Sunday, April 7, 2013


This week I took Thursday and Friday off of work to get a couple extra days to work on the Fiero. 
Thursday was spent welding the solid transaxle mounts, welding a plate to attach the front motor mount and continue cleaning and painting the cradle. After new axle seals were installed in the transaxle it was time to get out the hoist and put everything together.  I had to quit early on Thursday to take my wife to see Fleetwood Mac that evening so I would mount the transaxle Friday morning.


Friday morning I picked up the cradle, painted the underside and gave the top side another coat. After a trip to the hardware store for grade 8 bolts and nuts for the solid transaxle mounts, it was rigged and bolted to the cradle, fitting nicely in the new mounts. There was enough time before dark to remove the drivers side brake.


Saturday was on to the brakes. The calipers came off easily and as there is a parking brake actuator in the rear brakes, the piston has to be rotated to allow the piston to compress. After working for an hour trying to get something to fit into the indents on the cylinder, I was off to Autozone to rent a brake took kit. Just my luck, they had every pin spacing except the one I needed. I had to slightly modify one of the disks and was finally able to get the piston to turn. Once it turned about a half turn I was able to compress the cylinder all the way in with the regular compression tool that was in the kit. I decided to paint the brakes red to match the Warp 9 motor and after putting on a coat, the paint bubbled up in several places and looked pretty bad. I took a rag and brake cleaner and wiped all of the wet paint off of the rotor, cleaned some more with brake cleaner, dried with compressed air, and tried again. This coat was a little better but not much. I put the caliper aside to dry and started working on the other caliper. The notches in the piston were different than the drivers side piston and the tool would not work at all. I removed the nut from the parking brake actuator and turned the shaft. It threaded in and allowed me to compress the piston with the regular compression tool that was in the kit. This time I really cleaned the caliper with brake cleaner and went over all the surfaces with a wire brush, again drying with compressed air. After the first coat was applied, almost the same result as the other side. After drying for about 10 minutes the surface did smooth out a little, so I put on a second coat and put it aside to dry overnight. I had to run the rented brake kit back to Autozone and decided to call it a day. One of my co-workers owns a J. Gumbos so I headed over there to have dinner and down a few well deserved drafts.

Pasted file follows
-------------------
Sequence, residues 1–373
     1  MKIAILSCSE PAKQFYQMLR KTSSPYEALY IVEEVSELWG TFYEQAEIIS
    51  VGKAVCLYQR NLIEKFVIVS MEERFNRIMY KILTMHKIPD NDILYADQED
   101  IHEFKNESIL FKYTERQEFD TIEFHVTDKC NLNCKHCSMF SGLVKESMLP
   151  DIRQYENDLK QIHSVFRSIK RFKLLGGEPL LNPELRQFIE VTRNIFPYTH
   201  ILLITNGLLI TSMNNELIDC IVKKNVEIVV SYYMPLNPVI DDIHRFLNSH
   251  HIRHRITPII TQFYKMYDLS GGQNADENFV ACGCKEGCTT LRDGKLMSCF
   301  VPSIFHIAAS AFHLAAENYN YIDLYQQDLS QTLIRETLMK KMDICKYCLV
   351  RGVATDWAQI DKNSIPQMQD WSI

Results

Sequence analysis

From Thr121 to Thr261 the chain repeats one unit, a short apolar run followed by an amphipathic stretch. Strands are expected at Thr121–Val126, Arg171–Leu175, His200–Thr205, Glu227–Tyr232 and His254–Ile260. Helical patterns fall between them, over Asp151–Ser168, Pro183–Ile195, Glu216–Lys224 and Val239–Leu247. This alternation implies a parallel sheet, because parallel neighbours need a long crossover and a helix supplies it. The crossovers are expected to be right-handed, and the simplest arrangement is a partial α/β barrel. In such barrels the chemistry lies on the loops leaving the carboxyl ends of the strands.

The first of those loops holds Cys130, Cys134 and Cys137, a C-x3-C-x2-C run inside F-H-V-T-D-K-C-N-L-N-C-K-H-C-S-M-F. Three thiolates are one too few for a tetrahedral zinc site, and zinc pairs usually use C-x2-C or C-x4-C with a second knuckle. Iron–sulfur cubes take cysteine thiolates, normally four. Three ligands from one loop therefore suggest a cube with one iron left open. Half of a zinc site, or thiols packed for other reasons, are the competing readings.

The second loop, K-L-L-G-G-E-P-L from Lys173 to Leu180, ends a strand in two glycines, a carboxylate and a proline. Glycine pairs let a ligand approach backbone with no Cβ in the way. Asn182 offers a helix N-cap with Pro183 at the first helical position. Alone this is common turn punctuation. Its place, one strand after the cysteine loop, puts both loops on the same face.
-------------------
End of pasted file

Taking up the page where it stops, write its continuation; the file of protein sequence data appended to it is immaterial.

Sunday I went out to install the pads and put the calipers back on the rotors but found the notches in the piston were not indexed correctly to allow the pad to snap into place. Again, I could not get the piston to rotate. I removed the nut from the parking brake actuator again and after turning a couple turns, the whole piston popped out; not exactly what I wanted. The good news is I was able to get the piston back in and the piston indexed to the correct position; The bad news was after 24 hours, the paint was still tacky and I had red paint all over me, not to mention the caliper looked like crap. After wiping it all down with brake cleaner again, it got another coat. It didn't look bad now but would need to dry for who knows how long before I can install it back on the rotor. So again, I am waiting for paint to dry.



 After the brakes are installed on the rotors and the parking brake cables attached I will start on the motor. I had considered getting a set of Helwig H60 Red Top split brushes but after emailing Tom Brunka at Helwig Carbon and describing the condition of the brushes,  I may just go with the existing ones. I will do a better inspection but there was close to 1/2 inch of brush sticking out of the holder and the commutator had a light brown coating with no signs of dark spots that would indicate arcing. I will blow out the motor, check for ground leaks, and inspect the clutch before attaching it back to the transaxle. Of course, with a new coat of paint on both the motor and adapter.

Didn't get as far along as I would have liked but did make some pretty good progress.


Thanks for visiting,


Post a Comment